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August 18, 2010 11:50 AM   Subscribe

"You know that moment when you are at your favourite restaurant and you bite into a juicy steak? Well, we create those steaks by sharing the wine with the cattle." So says the mission statement for Sezmu Meats. You've probably heard of Kobe beef which according to popular belief is fed one beer per day, massaged with sake daily, brushed to set their fur, and fed on grain fodder. "The cattle at Semu Meats are raised in the beautiful Okanagan Valley located in British Columbia, Canada. They enjoy a diet of grass until they reach a desirable size at which point their diet matures. Then they are fed a proprietary blend of grains with a cow sized glass of red BC wine every day until production. A cow sized glass is well over a bottle of wine! Then the beef is dry aged for 21 days to achieve maximum flavour." Check out their blog: Okanagan Daily Special to view some pictures that compare beef fed without wine and those with.
posted by Fizz (47 comments total) 6 users marked this as a favorite

 
People! We must party with the cows. It is the only way.
posted by The Whelk at 11:53 AM on August 18, 2010 [5 favorites]


I just think this completely changes the very concept of "cow-tipping".
posted by Fizz at 11:54 AM on August 18, 2010 [1 favorite]


Well, I guess that's about all BC wine is good for.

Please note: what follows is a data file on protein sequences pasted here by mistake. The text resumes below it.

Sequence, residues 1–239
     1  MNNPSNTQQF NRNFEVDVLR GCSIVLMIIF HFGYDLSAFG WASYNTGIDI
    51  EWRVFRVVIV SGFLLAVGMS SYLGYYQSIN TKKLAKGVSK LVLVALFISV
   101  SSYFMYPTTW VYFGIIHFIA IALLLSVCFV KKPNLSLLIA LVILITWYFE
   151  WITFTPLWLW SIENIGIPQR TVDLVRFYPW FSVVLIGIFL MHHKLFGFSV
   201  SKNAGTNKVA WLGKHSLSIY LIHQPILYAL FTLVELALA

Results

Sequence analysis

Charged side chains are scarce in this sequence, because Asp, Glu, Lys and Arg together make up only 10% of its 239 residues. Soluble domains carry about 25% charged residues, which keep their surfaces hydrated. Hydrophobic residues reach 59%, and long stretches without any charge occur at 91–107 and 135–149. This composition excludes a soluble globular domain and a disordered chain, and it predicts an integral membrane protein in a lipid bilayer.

I kid! I kid!
posted by GuyZero at 11:55 AM on August 18, 2010 [4 favorites]


Well, I guess that's about all BC wine is good for.

I kid! I kid!


Sacrilege! B.C. Wine is some of the best tasting in the world!
posted by Fizz at 11:56 AM on August 18, 2010


This sounds interesting, but I only consume grass-fed beef.

I'm talking about marijuana
posted by East Manitoba Regional Junior Kabaddi Champion '94 at 11:58 AM on August 18, 2010 [10 favorites]


BOSSIE the COW: No, if anyone orders Merlot, I'm leaving. I am NOT drinking any fucking Merlot!

Given where they are, though, the ranchers could at least throw some pinot noir their way.
posted by adipocere at 11:58 AM on August 18, 2010


"Farmer Brown! Are you trying to get me drunk, then take advantage of me?"
"Yes. Yes I am."
posted by Greg_Ace at 12:00 PM on August 18, 2010 [13 favorites]


I did a few winery tours in BC a few years ago and found a lot of very drinkable pinot gris and chardonnays, but not many reds at all.

Now we find out that huge amounts of red were going to beef cattle. If I ever go back and get offered red, I'm running like hell all the way back east.
posted by maudlin at 12:01 PM on August 18, 2010 [3 favorites]


Bovino?